It’s finally that time of the year again!
It’s time to be out and proud, to be surrounded by like-minded people, to represent, and to celebrate. Like many capitals around the world, Brussels has a large LGBTIQ+ Pride Festival attracting thousands of participants and spectators. The 23rd edition of the Belgian Pride Festival has been kicked off at the beginning of May, and the Pride Parade will take place on May 19th in Brussels.
Pride is a people — of all ages, colors, creeds, sexual desires and genders — coming together. It’s about joy and unity; but this celebration of life, love, and liberty isn’t just about parades and partying; it is so much more than that. It’s about the LGBTIQ+ people being visible and belonging to a community, a town, a city, a nation and the world.
This is exactly why it’s very important not to forget its roots. Pride events had started as a powerful symbolic action which occurred after the 1969 Stonewall Riots in NYC when the LGBTIQ+ community fought back against police brutality. Since then Pride has expanded to different parts of the world including Europe where the LGBTIQ+ people seem to be fully assimilated into society.
There is no doubt that the LGBTIQ+ rights movement has won numerous legislative victories in most European countries in a relatively short space of time. These are all important and incredible achievements; but while legislation can be passed in a matter of days, the underlying attitude towards the community will take much longer to dissipate. Thus, these changes, whilst undoubtedly positive, mask a different reality. It’s the reality of the many members of the community who are frightened of holding hands in public because in large parts of the continent they’re still at risk of verbal and physical attack.
Furthermore, a 2012 survey conducted by the Fundamental Rights Agency involving over 93,000 LGBTQ+ people from across Europe showed that more than 1 in 4 LGBTIQ+ people had either experienced physical/sexual violence or threats within the 5 years prior to the survey.
While figures do not exist to accurately portray the everyday occurrence of hate speech and hate crimes against LGBTQ+ people, this community, knows from lived experience that it is not isolated, it is not insignificant and it is not being tackled effectively. The issue of anti-LGBTQ+ hate crime has increasingly been recognised by international organizations, as well as many governments across Europe, but, despite this, cross-border efforts to tackle this phenomenon are yet to be cohesively developed. Hence, Pride is an opportunity to recognise and highlight the continued and pervasive nature of hate speech and hate crimes perpetrated against LGBTQ+ community across Europe.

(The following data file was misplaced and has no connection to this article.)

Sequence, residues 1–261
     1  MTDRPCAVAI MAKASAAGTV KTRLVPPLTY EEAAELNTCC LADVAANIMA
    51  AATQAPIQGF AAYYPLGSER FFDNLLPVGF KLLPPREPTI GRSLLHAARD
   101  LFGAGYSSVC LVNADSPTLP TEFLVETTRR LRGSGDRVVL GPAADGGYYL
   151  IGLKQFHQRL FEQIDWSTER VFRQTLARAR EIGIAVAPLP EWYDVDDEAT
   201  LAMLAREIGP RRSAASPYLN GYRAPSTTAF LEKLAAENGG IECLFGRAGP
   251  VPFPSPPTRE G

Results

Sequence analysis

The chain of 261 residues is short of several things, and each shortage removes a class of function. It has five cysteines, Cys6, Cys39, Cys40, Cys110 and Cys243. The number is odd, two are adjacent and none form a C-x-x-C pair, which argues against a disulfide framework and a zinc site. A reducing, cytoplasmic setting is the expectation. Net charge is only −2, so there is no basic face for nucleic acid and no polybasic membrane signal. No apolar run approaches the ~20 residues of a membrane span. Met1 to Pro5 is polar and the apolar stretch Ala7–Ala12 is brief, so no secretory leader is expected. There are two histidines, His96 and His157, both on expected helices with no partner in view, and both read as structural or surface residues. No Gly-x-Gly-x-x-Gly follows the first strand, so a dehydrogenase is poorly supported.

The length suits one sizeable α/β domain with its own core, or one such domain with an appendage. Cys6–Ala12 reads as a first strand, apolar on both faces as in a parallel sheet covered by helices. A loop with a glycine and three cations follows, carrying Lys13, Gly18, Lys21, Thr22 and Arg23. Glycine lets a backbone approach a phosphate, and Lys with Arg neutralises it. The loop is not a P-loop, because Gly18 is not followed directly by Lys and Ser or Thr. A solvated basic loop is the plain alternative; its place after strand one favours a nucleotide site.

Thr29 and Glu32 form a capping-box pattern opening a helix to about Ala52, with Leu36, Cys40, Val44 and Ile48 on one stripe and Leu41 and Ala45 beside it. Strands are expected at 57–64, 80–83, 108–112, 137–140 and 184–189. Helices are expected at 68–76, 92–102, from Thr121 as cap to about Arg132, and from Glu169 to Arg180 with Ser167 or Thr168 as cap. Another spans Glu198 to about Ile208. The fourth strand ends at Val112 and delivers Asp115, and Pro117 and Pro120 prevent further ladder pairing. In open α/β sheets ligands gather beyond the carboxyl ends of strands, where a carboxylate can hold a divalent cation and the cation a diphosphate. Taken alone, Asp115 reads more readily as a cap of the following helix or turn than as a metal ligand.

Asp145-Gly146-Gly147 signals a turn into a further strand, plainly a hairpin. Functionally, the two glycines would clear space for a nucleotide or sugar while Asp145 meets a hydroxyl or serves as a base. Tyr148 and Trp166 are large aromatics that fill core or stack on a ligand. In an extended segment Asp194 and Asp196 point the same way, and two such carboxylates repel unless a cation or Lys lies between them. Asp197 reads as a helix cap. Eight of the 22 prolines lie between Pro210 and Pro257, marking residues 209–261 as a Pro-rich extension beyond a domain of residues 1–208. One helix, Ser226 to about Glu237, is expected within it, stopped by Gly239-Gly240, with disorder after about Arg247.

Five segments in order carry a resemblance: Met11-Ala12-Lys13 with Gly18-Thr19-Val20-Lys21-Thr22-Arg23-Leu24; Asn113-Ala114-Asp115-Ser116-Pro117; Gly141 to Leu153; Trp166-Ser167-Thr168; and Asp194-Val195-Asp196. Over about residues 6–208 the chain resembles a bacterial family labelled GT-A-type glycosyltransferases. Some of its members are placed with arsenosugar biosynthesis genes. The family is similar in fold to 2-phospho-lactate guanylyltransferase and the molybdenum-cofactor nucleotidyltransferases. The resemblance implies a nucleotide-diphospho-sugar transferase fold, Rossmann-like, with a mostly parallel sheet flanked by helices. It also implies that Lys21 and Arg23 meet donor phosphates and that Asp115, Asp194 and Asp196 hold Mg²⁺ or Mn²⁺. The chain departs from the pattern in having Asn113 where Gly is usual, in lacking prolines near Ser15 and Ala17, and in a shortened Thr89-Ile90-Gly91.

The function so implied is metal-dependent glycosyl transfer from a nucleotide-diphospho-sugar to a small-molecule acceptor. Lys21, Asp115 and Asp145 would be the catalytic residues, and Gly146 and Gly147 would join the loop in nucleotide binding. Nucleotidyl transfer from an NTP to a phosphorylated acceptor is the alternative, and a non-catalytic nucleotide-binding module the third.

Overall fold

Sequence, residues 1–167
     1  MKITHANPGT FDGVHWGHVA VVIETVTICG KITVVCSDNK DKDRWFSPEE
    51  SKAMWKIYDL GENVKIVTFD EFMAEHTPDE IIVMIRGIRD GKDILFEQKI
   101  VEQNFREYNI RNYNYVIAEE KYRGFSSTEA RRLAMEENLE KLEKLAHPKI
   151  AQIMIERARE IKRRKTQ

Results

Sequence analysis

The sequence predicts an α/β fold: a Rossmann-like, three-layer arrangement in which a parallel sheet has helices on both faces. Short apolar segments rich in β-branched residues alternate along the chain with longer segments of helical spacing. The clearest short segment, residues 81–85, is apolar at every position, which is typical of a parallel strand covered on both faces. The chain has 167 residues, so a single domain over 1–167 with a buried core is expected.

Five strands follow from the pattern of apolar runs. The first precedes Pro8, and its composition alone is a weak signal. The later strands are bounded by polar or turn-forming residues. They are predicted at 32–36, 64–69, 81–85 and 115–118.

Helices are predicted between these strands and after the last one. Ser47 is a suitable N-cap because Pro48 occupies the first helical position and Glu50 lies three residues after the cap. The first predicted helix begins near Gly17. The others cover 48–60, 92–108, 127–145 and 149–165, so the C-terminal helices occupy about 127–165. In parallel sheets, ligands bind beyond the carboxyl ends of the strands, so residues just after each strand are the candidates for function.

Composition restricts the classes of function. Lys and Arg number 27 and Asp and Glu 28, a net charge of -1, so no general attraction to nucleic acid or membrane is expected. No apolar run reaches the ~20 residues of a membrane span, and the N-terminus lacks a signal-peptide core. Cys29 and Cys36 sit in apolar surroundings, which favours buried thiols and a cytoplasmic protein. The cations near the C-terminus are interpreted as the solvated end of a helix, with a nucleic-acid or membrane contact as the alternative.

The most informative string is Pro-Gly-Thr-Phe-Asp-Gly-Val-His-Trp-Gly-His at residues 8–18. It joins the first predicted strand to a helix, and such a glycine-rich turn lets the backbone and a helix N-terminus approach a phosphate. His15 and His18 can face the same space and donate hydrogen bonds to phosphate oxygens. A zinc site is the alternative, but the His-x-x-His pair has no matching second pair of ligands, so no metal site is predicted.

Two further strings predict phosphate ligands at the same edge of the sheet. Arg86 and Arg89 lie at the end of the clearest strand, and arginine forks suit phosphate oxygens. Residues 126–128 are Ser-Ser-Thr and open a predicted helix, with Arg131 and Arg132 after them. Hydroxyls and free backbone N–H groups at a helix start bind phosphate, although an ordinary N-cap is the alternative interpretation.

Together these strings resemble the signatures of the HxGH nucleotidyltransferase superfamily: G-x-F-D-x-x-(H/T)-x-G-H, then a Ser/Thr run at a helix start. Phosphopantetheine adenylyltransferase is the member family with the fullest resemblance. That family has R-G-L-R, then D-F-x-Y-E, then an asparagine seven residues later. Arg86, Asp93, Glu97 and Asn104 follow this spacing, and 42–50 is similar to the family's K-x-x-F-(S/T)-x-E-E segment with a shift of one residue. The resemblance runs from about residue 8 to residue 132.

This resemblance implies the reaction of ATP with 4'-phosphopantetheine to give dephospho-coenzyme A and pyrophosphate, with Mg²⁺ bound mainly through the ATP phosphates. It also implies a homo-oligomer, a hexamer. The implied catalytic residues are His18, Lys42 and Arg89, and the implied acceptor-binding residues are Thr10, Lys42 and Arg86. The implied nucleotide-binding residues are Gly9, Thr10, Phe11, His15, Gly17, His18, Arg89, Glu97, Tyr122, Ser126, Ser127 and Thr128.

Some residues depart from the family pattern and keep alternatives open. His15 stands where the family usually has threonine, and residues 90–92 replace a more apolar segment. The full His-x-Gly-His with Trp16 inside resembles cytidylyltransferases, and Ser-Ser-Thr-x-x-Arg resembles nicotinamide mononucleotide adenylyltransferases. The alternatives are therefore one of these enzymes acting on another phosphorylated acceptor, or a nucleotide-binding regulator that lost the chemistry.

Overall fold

Of course, a few Pride marches and events won’t resolve all these issues or bring equality overnight. However, the fight still goes on and when anyone, straight or LGBTIQ+, takes part in Pride, the community’s visibility gets amplified across the world. This also provides hope to those who live in countries which continue to persecute the members of the community for their sexuality or their gender identity.
Therefore, Pride events — especially Pride parades — are about visibility and creating a sense of belonging. They constitute the best way to show that this community is bigger than one person or one group. Moreover, Pride is also necessary for those in the community who fought all those years ago to acquire a growing list of equal rights. It’s a way of showing that the community has not forgotten the battles, the lives lost and the pain suffered.
All in all, Pride can mean so many things all at once, making it nearly impossible to describe or sum up. If you would like to find out more about what function Pride marches have and why we still need them, attend the event titled ‘Marching for Pride – Still important?’ which will be held on May 15th at the European Parliament.
Lastly, 3 years ago, Queer Stagiaires and Égalité have marched in the Belgian Pride for the first time. This year, Queer Stagiaires and Égalité will, again, march together; however, this time with the official support of the European Commission, the European Commission’s Justice and Consumers DG, LGBTI Intergroup, EC Representation BE, and European City Team – Brussels.
Whether you’re queer or an ally, the Pride Festival is a time for parties, parades, remembrance, love, and support. So, whatever your reason and whoever you are, come join!
Seden Anlar (Twitter: @SedenAnlar)
Seden Anlar is a Law School graduate from Maltepe University and is currently working in the international security field in Brussels, Belgium. Her main fields of specialization are global politics, human rights, gender, peace and security. She is a part of the Everywoman Everywhere Coalition and the Student Research Committee on International Law and Governance of the International Association for Political Science Students. She is eager to get involved in interesting and progressive freelance projects that involve political writing and online publishing.